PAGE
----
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    Re: Celestial arts and crafts
    From: Lu Abel
    Date: 2013 Mar 26, 13:04 -0700
    Definition of the noun "art" from the Miriam-Webster dictionary:

    1 : skill acquired by experience, study, or observation <the art of making friends>

    2a : a branch of learning: (1) : one of the humanities (2) plural : liberal arts
    2b archaic : learning, scholarship

    3 : an occupation requiring knowledge or skill <the art of organ building>

    4a : the conscious use of skill and creative imagination especially in the production of aesthetic objects; also : works so produced
    4b (1) : fine arts
    (2) : one of the fine arts (3) : a graphic art

    So, while we think of "art" as being an aesthetic object (painting, sculpture, etc), M-W's first definitions of "art" are centered around skill, especially that acquired by experience or study.  By that measure, a knowledge of celestial and especially being able to apply that knowledge skillfully to obtain one's position is certainly an "art"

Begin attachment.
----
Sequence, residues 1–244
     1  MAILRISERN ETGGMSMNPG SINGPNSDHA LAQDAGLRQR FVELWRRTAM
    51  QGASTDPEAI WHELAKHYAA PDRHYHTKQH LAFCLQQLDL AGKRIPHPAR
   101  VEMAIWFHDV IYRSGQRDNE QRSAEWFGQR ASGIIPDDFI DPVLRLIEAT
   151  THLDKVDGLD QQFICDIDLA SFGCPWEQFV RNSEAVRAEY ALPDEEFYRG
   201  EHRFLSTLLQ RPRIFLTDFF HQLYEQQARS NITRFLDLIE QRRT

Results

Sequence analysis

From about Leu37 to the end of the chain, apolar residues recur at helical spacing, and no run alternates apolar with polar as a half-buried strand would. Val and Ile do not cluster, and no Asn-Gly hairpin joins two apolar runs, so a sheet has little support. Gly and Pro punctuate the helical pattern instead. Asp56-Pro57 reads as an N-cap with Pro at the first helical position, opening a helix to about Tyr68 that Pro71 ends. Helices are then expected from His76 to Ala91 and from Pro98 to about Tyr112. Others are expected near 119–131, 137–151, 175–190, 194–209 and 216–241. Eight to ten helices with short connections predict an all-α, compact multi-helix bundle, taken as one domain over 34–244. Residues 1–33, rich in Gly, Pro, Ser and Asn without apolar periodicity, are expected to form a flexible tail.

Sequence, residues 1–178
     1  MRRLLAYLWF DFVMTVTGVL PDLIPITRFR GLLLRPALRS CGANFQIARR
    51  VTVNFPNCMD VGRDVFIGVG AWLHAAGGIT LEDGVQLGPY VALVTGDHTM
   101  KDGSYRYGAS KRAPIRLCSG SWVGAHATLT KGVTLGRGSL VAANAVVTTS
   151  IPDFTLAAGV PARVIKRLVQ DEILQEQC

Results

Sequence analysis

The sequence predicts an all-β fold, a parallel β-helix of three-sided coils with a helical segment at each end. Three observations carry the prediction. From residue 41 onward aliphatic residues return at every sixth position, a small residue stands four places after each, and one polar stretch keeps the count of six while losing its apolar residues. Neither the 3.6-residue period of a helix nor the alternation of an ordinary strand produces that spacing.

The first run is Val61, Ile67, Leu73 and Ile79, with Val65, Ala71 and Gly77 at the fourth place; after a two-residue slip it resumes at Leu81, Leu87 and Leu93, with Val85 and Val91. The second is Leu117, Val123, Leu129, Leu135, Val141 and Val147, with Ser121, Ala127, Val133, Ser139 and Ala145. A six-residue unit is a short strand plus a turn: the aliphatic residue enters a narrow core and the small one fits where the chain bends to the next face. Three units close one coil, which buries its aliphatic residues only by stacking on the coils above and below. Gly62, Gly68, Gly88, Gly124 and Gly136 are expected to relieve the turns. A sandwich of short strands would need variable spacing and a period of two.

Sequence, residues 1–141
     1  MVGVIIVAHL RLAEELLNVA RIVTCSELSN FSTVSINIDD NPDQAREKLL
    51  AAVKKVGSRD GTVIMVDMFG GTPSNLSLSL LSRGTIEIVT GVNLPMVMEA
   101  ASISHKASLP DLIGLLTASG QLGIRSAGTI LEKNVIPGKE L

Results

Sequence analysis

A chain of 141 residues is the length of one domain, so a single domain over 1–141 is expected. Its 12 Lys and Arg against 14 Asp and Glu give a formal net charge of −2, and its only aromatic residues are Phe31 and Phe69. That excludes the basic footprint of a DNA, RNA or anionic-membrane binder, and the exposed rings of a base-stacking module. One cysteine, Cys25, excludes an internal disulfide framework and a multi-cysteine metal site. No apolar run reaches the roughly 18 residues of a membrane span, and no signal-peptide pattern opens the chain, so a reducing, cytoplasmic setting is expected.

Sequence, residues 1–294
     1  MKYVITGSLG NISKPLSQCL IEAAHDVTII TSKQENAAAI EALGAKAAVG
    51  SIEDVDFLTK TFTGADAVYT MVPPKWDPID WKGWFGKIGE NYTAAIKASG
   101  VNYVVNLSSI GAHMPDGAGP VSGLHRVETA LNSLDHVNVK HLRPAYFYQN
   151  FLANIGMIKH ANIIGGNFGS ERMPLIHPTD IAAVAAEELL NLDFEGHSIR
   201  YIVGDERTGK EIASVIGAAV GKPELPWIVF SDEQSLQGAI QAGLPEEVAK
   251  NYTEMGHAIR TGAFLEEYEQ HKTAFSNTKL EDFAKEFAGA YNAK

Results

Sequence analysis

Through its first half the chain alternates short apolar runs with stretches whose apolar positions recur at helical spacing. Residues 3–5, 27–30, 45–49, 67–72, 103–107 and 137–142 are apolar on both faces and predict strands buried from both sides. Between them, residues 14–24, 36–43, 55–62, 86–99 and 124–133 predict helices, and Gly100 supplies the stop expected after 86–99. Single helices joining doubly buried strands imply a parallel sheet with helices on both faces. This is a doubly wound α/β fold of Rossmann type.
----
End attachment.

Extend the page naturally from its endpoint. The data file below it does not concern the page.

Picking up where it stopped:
On 3/26/2013 9:37 AM, Hewitt Schlereth wrote:

    Frank, the reason I consider celestial an art is it requires judgement. Making art and making a landfall require both high skill with the tools of the trade and judgement to produce their results - expression in art, safe passage in celestial navigation.
    Sent from my iPad
    On Mar 26, 2013, at 9:07 AM, "Frank Reed"  wrote:
    > This is a recurring topic for NavList: is celestial navigation an "art"? Hewitt has described it as an art in a few recent messages. If so, what does that mean? Painting landscapes is an art --even if you're bad at it, it is an ATTEMPT to create art as opposed to drawing mere representational surveys. How about painting houses? Is that an art --ever? Obviously celestial navigation has its origins in and is founded upon scientific and mathematical principles, so its foundations are generally considered the opposite of art. That doesn't preclude some sort of "art" in the practice. Or is this just semantics? Is a navigator an artist or an artisan or just a craftsman?
    > -FER
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